sufficient convergence of the numerical solution can be concluded.
Results for the steady regime of Reynolds numbers are shown in figure 6.2 through
6.4. The attached, steady, symmetric standing eddy behind the cylinder is seen to
grow in length as Re^ increases, and the vorticity generated at the cylinder surface
is less able to penetrate the oncoming free-stream. Table 6.2 presents a comparison
of the present results with those published in the literature. For all quantities of
interest, excellent agreement is found within the scatter of the data.
The lift, C l = F y / p U ^ D ) , and drag, C d = F x / { ^ p U ^ D ) , coefficients per unit
span have been computed using a control volume analysis
1 { Cd , Cl ) = - ^ [ n d V - f u u d S - f p d S + [ d S • " E
2
at JQY
JCS
JCS
JCS
(6.2)
118
where the control surface (CS) (and hence the control volume (CV)) is an arbitrary
rectangle containing the cylinder.
and Fy are respectively the drag and lift forces
on the cylinder, p is the pressure, and S is the (deviatoric) stress tensor. Components
Txx = ( 2 / R e ) d u j d x , Tyy = ( 2 / R e ) d v / d y , a n d Ty^ = r ^ y = ( 1 / R e ) [ d u / d y + d v / d x )
of S are needed. The pressure p can be obtained by solving the momentum equa­
tion (2.1) for the pressure gradient, and integrating the pressure gradient along the
rectangle defining the control surface. The pressure datum can be arbitrarily set to
zero at one corner of the control surface.
119
spanwise vorticity to
stream function ip
Figure 6.2 Uniform flow past a circular cylinder, Re^j = 20. Contours are exponen­
tially spaced.
-1.5
8
9
10
11
12
13
14
X
spanwise vorticity uj
X
stream function tp
Figure 6.3 Uniform flow past a circular cylinder, Reo = 40. Contours are exponen­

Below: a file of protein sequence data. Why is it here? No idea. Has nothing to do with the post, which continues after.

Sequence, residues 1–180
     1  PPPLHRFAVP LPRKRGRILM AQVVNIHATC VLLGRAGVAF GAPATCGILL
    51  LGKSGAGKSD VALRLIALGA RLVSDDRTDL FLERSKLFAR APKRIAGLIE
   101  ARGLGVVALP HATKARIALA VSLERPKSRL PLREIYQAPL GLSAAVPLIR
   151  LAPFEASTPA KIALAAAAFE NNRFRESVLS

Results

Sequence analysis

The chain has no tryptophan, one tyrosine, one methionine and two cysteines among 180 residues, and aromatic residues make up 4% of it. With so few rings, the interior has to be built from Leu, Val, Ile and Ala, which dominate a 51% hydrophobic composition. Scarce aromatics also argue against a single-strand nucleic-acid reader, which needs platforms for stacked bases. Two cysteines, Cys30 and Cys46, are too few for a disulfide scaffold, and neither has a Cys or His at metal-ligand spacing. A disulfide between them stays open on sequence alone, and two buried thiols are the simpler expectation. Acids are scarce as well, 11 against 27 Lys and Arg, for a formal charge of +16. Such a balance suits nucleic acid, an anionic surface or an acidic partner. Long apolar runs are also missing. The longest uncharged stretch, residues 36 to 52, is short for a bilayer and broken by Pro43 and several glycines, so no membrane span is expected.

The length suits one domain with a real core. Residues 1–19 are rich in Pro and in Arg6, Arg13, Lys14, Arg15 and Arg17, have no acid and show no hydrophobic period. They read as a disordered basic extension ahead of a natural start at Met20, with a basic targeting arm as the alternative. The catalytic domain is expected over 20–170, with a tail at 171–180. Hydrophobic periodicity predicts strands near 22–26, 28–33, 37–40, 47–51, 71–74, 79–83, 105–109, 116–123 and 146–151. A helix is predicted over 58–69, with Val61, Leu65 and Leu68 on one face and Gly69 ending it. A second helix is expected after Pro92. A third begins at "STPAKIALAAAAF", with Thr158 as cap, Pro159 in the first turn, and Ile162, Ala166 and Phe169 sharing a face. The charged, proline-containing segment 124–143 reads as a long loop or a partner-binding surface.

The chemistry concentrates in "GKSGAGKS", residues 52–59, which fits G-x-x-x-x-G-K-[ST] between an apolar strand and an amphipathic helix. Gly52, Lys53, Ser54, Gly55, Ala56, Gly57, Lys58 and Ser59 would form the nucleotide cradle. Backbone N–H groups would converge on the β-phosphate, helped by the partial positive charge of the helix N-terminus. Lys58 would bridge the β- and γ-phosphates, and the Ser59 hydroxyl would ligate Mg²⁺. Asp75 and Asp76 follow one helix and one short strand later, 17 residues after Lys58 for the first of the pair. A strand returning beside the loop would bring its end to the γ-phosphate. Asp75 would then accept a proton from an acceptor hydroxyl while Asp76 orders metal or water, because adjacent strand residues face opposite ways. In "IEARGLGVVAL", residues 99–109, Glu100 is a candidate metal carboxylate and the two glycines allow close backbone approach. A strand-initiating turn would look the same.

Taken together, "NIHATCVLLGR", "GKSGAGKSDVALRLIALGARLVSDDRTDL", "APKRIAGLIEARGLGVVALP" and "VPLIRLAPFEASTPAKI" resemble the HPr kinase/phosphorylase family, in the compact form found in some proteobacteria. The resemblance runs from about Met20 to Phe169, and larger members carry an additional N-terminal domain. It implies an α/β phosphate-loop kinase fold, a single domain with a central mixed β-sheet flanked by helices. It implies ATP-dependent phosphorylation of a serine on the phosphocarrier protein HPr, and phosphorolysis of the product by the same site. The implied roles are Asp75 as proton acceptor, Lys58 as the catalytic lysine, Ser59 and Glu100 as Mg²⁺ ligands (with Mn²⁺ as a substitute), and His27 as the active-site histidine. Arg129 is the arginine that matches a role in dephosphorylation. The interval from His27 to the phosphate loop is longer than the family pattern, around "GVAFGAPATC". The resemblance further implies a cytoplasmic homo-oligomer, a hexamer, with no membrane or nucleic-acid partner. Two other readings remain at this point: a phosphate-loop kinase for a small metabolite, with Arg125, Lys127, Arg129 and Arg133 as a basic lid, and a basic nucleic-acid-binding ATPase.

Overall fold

tially spaced.
121
8
9
10
11
12
13
14
X
spanwise vorticity u
X
stream function •0
Figure 6.4 Uniform flow past a circular cylinder, Rep = 50 (steady). Contours are
exponentially spaced.
122
X
Figure 6.5 Nomenclature for dimensions given in table 6.2.
Rep = 20
Fornberg (1980)
Dennis &: Chang (1970)
Coutanceau & Bouard (1977)*
Tritton (1959)*
present, A = 0.056
present, A = 0.023
Fornberg (1980)
Dennis &: Chang (1970)
Coutanceau &: Bouard (1977)*
Tritton (1959)*
present, A = 0.056
present, A = 0.023
L
0.91
0.94
0.93
a
b
-
-
0.33
0.46
6
45.7°
43.7°
45.0°
-
-
-
-
-
-
0.93
0.93
0.36
0.36
L
2.24
2.35
2.13
a
b
-
-
-
~
0.76
0.59
6
55.6°
53.8°
53.8°
-
-
-
-
2.23
2.28
0.71
0.72
0.59
0.60
53.4°
53.6°
0.43 43.9°
0.43 43.5°
Rep = 40
Cp
2.00
2.05
-
2.09
2.16
2.06
Cp
1.50
1.52
-
1.59
1.61
1.54
Table 6.2 Steady flow past a circular cylinder: length L of standing eddy behind cylin­
der, locations a and b of the vortex centers, separation angle 6, and drag coefficient
Cp for Rep = 20 and Rep = 40. See figure 6.5 for dimension nomenclature. Note:
(1) (*) denotes experimental results. (2) The results of Coutanceau & Bouard (1977)
cited here are for A = 0, obtained via extrapolation.
123
Berger & Wille (1972)*
Liu e t a l . (1998)
present, A = 0.056
present, A = 0.023
r
5.88-6.25
6.06
5.90
6.02
Berger &: Wille (1972)*
Belov e t al. (1995)
Rogers, Kwak (1990)'''
Miyake e t a l . (1992)'''
Liu e t al. (1998)
present, A = 0.056
present, A = 0.023
r
5.26-5.56
5.18
5.41
5.10
5.21
5.02
5.07
RGD = 100
S t = 1/r
CD
0.16-0.17
0.165
1.35±0.012
0.169
1.38±0.010^
1.34±0.009
0.166
RGD = 200
St = 1/T
CD
0.18-0.19
1.19±0.042
0.193
1.23±0.050
0.185
1.34±0.043
0.196
0.192
1.31±0.049
1.37±0.046t
0.199
1.34±0.044
0.197
-
-
CL
-
±0.339
±0.337
±0.333
CL
-
±0.64
±0.65
±0.67
±0.69
±0.70
±0.69
Table 6.3 Unsteady flow past a circular cylinder; period r, Strouhal number S t , drag
coefficient C d , and lift coefficient C^. Comparison of present results with results
pubUshed in the literature. Note: (1) (*) denotes experimental results. (2) f in Belov
et al. (1995). (3)|approximate (see text). (4) St determined from time variation of
C l.
As noted above, the case Reo = 50 lies at the upper range of the 'transition' regime
between steady and unsteady flow. This case, shown in figure 6.4, was allowed to run
for a considerably long time, but remained steady for the course of the calculation.
Given enough time, the calculation may have eventually become unsteady on its